Last week’s blog explored the relationship between collection of patient data and value-based payment for patient outcomes. The fact that payments will be driven by data is one of the lesser recognized drivers of data collection, but it is of no small consequence to providers. Ultimately, if accountable care organizations (ACO) manifest as planned, integrated health networks will be paid for performance based on a defined set of quality indicators as evidenced by the data.
Provider organizations are gearing up for the switch, and a fully functional electronic patient record system is an integral part of a viable ACO. Performance-based payments mean that the fee-for-service model will become rare, perhaps extinct. When providers are paid, not by each incident of service or each product/treatment prescribed, it will necessarily drive down the cost of individual products and services since they will not be reimbursable at cost. In fact, their reimbursement will not be assured since payment will be based on retrospective data.
Patient’s Right to Most Effective Treatment
I was speaking with a cardiologist about the effect that performance-based pricing has on his patients, and his most notable complaint was that he felt the patient has no rights in this lowest bidder environment. His typical case in point: It sometimes takes a year or more to find the right combination of drugs to control a patient’s heart condition. He usually determines an effective therapeutic regimen after lengthy trial and error. If, however, the patient changes jobs or the patient’s employer changes health plans, often the drug formulary changes with it and the preferred drugs on the new formulary are not in the patient’s regimen. Formularies are a form of performance-based pricing since a health plan must be convinced by the pharmaceutical companies that particular drugs will work and the plan will recoup its costs in healthier patients. If a patient becomes subject to a new drug formulary, at that time, the cardiologist can either spend time and effort attempting to establish medical need of the patient’s regimen by filling out paperwork and going through an appeals process, or he has to attempt to find new treatments covered by the new plan and another period of trial and error commences.
This physician was passionate about this issue and how it has negatively impacted his patients. He suggested that a Patient’s Bill of Rights needs to be implemented as part of the national overhaul of healthcare to protect patient care. In his example of pharmaceutical coverage, he would like to see his patients who are controlled on specific medications to have the right to continue on those medications even if the payer changes.
When we think about HIPAA today, we think about the patient privacy elements of that law. But very clearly, the Health Insurance Portability and Accountability Act of 1996 was also about the portability of insurance – that patients had the right to take their health insurance with them so they wouldn’t have coverage interruption if they changed jobs. Much of this concern has been made moot by ObamaCare that can kick in whenever someone doesn’t have coverage. Piggybacking on the concept of portability of health insurance, the cardiologist is suggesting that patients also have the right to continue effective care from one provider and payer to another.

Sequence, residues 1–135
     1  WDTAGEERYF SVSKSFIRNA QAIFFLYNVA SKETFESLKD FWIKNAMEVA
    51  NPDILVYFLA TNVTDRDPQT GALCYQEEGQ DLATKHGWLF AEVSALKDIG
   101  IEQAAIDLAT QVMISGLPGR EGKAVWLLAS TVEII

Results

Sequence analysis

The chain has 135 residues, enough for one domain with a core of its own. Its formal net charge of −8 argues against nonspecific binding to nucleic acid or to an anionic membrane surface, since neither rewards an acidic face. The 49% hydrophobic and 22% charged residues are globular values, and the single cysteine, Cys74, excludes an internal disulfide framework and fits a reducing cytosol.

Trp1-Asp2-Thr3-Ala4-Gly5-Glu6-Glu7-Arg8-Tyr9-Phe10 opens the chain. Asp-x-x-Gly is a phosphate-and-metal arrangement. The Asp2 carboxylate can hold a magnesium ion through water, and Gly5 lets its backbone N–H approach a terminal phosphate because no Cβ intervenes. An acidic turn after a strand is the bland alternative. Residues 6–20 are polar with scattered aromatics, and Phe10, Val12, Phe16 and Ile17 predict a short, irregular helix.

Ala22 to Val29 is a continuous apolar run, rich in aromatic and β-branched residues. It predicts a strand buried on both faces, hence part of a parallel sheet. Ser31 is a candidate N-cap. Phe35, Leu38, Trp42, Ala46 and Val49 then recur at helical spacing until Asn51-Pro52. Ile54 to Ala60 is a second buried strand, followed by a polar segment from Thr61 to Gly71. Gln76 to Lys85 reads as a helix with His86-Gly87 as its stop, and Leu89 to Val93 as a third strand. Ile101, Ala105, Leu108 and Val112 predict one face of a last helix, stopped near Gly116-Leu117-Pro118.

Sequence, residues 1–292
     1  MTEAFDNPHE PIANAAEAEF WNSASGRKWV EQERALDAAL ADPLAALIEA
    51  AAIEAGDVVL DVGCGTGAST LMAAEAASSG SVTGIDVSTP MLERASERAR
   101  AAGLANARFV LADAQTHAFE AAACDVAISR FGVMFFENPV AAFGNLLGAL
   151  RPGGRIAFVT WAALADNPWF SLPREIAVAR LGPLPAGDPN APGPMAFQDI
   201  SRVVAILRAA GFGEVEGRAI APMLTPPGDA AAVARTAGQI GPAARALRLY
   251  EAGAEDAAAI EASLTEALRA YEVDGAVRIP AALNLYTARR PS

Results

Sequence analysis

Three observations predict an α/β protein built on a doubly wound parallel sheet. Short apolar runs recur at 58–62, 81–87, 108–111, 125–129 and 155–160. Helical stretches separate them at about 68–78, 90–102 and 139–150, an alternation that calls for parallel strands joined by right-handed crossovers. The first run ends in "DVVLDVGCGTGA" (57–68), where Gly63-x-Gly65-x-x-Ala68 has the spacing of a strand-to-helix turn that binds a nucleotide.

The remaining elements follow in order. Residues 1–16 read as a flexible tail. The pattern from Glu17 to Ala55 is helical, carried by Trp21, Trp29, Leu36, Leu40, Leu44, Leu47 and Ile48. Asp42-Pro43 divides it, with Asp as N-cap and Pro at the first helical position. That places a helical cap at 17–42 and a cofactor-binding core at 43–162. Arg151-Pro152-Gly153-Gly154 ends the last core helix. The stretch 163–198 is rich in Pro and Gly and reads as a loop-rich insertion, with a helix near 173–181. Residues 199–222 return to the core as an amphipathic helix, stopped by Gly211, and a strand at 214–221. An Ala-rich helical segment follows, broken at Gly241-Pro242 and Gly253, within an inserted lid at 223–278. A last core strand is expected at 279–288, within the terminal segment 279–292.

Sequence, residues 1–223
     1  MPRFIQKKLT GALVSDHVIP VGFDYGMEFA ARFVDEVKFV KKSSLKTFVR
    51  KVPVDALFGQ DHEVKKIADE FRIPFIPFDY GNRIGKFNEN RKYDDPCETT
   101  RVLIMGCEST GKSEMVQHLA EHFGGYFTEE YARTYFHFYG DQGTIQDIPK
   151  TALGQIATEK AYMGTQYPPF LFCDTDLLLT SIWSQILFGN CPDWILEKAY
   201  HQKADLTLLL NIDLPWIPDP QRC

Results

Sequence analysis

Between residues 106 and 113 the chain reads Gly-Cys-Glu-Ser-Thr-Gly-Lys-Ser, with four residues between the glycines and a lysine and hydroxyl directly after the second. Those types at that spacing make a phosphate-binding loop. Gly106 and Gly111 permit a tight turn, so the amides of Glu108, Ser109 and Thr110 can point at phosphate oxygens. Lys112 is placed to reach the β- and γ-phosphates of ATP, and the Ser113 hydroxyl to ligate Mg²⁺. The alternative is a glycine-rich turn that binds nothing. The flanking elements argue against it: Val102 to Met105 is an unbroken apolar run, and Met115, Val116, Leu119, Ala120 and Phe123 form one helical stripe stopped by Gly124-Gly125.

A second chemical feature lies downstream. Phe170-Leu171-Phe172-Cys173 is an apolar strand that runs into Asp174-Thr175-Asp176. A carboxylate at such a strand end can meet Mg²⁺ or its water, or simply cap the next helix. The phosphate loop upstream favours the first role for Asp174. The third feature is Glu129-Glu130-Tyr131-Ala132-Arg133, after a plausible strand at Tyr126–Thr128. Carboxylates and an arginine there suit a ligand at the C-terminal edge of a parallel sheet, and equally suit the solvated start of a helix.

Imagine, if you will, that as all pharmaceuticals, treatments and diagnostics enter the system of performance-based payments, they will no longer be paid on an as-needed, per unit basis but rather as part of a lowest-bidder system. Already, I saw an article today encouraging labs and pathologists to rethink their pricing structure to accommodate the ACO model. The underlying message was that they will need to move from the current fee-for-service structure to one that provides package pricing at bottom-feeder rates to compete for the business of hospitals and health systems that are being driven into this outcomes-based reimbursement scheme.
As we move toward outcomes-based payment models, no part of the health care system will go untouched. Everyone will be forced into a “value” proposition payment model and that means patients will be driven toward certain low-cost providers, treatments and labs.
Which leads to this cardiologist’s concern. Will patients have any rights to choose their drugs, their providers, their labs or really any part of their healthcare that they prefer or works best for them individually? Or will they be driven into a uniform system of treatments and providers based on best value for the price as determined by the data?
Perhaps resurrecting the idea of a Patient’s Bill of Rights would act as a countervailing force in this lowest bidder scenario.